International Tiger Day 2022 Build
Happy International Tiger Day 2022! As you might have guessed, July 29 is an annual event celebrating the tiger, Panthera tigris. Additionally, this is a special International Tiger Day because we are in the Year of Tiger according to the Chinese Zodiac. It just so happens that the tiger is also my favorite animal. Therefore, it was important for me to observe the date in my own way. What better way to show my support than through LEGO® bricks? I decided to build an alternate version of this year’s Majestic Tiger (31129) set. Consequently, today we’ll look at my semi-custom white tiger.
Before jumping into my white tiger build, a word about tigers. International Tiger Day launched in 2010. Countries with wild tigers commemorated July 29 at the Global Tiger Summit alongside the World Wildlife Fund. At the time, their goal was “Tx2”. In other words, double the number of wild tigers by 2022. It is now 2022. So, where is the fanfare and celebration of mankind’s great tiger-saving efforts? I have not seen any. Why? Quite simply, we failed. In 2010, scientists estimated 3,200 tigers remained in the wild. Today, the World Wildlife Fund website puts the number at 3,900. The Panthera Group advertises a more optimistic 4,500. Therefore, tiger numbers have gone up, and that is a good sign after a century of decline. However, they are still pretty far from the goal of 6,400.
Wild tiger numbers are rising, but we did not reach our goal of doubling them by 2022.
I decided to build a white tiger to celebrate International Tiger Day 2022 almost as soon as I saw the Majestic Tiger set. I reviewed that kit here at True North Bricks earlier this year. It is one of my favorite sets of 2022. The build uses amazing techniques and great parts usage to create a wonderfully lifelike creature. As I built my way through the set, I noticed how easy it would be to simply re-color the model with parts I already owned. For the most part, I simply followed the instructions included with the Majestic Tiger. However, anytime orange bricks came up, I substituted them with white.
Of course, I had to make a few other minor modifications as well. Firstly, the Majestic Tiger includes printed 1x2x2/3 orange roof tiles. That same printing does not exist on white pieces. Therefore, I substituted those with cheese-wedges in alternating black and white. Secondly, white tigers have blue eyes. In the original, a cool yellow 1×1 plate with horizontal shaft goes through the center of a round, black 1×1 plate with hole to create an eye. In mine, I used a black 1×1 plate with shaft through a transparent, light blue, round 1×1 plate with hole. I didn’t like the look of the yellow shaft in the blue eye. Finally, the original Majestic Tiger had two exposed pink plates on its underside. I did not understand why, so I got rid of them.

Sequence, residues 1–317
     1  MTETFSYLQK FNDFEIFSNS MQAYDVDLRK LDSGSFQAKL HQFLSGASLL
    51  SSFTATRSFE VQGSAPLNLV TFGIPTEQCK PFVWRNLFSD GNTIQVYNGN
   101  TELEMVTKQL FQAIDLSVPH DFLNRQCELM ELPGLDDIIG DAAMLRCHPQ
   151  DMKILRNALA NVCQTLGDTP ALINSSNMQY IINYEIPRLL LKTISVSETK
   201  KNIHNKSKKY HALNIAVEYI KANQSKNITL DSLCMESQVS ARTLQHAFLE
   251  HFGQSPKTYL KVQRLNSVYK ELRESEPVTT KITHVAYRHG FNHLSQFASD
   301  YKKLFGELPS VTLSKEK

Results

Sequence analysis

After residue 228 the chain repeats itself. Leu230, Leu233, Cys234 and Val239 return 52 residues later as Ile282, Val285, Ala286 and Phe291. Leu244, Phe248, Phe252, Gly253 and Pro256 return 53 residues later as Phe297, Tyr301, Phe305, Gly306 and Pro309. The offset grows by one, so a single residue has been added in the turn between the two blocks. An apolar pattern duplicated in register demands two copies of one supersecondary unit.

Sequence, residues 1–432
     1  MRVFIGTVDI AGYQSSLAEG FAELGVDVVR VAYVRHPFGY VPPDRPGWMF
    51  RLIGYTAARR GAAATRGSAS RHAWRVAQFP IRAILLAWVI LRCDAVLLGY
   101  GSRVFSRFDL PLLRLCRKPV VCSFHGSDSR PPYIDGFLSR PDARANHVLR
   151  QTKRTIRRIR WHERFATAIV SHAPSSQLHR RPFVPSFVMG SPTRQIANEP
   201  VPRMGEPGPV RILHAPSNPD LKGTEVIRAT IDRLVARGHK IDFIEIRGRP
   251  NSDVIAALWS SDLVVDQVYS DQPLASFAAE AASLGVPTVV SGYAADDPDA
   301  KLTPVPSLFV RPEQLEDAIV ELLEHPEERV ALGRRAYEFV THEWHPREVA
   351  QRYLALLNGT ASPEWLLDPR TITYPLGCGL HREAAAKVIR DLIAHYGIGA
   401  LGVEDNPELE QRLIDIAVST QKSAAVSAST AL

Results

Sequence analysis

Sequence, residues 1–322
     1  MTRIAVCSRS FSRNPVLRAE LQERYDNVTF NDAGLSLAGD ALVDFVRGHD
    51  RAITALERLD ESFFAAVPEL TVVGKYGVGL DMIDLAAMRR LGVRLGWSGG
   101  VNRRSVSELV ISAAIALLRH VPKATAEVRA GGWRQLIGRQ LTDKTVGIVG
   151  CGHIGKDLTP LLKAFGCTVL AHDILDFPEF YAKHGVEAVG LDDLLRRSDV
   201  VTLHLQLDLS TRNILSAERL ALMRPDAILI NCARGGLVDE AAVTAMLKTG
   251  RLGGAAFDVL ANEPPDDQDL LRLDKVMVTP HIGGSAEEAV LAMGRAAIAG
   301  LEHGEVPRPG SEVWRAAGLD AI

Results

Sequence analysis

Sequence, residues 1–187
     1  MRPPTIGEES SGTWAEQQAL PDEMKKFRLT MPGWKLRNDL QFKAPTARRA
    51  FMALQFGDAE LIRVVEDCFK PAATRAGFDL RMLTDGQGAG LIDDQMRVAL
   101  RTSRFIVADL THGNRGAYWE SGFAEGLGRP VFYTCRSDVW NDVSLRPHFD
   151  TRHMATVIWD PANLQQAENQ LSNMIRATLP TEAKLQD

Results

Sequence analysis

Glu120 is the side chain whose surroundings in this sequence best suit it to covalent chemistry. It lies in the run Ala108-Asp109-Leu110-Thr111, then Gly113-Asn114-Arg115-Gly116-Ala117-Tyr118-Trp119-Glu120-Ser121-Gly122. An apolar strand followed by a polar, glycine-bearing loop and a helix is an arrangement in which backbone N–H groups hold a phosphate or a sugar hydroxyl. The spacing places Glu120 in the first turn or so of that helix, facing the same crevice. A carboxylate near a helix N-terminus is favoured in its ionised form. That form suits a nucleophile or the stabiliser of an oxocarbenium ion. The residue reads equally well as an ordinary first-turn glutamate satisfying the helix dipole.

Rebuilding the Majestic Tiger in white was easy, requiring only minor modifications.
The LEGO® Group sent me the first copy of Majestic Tiger that I reviewed. I purchased a second one myself for this recolor. In total, I replaced 210 parts with items from my own collection. Incidentally, the set contains 755 bricks total (though not all of those are part of the tiger). I did not have to order any parts from Bricklink to complete the recolor. With that said, I do have a fairly large collection of bricks. Some of the recolored parts were hard to find, even for me. Firstly, the 1×3 half arch brick with cut-out. To recolor the Majestic tiger, you need six of them in white. That part comes in seven sets. I have two of them… but they were in my massive bin of unsorted parts. They were hard to find…
Secondly, you replace four orange 4×3 bricks with bow/angle with white ones. Finding this part in white is not hard. Afterall, it appears in 34 sets. However, I only have four of those, and two of them remain assembled. The other two? You guessed it: in my bin of unsorted parts. The moral of the story? Sort your parts regularly. Otherwise, I had no trouble finding and replacing orange bits with white.
Depending on the sets you usually collect, some required pieces are hard to find.
Why make a white tiger? Well, it is the Year of the Tiger and International Tiger Day 2022. Additionally, the LEGO® Group did an amazing job with the orange tiger already. However, many biologists argue that the white tiger has no conservation value. Others contend that its coloration makes it too conspicuous, decreasing its odds of survival. The first holds somewhat true, but I doubt the latter holds any credibility. No one has ever studied wild white tigers because there no longer are any. However, many historical accounts exist detailing sightings of adult white tigers. Then we either killed them all or captured them for zoos and menageries. Modern white tigers are all inbred or crossbred with other subspecies. I don’t know if pure white Bengal Tigers exist still in India. Certainly, those in North America have little genetic value for modern conservation efforts. But they are pretty.
In the end, while I do not condone further breeding of white tigers for the sake of having white tigers, they were once wild. They were once a naturally occurring genetic variant. I think it’s important to remember what we did to that natural variant. There is cautionary tale there that will ultimately help all tigers. My LEGO® model and the photos I took of it are my contribution to that memory and story. Hopefully, all this talk of tigers got one or two of you thinking, and maybe even spreading the word wider. Now, go forth and build your own tigers that get even more people talking. Happy International Tiger Day 2022.
Until next time.
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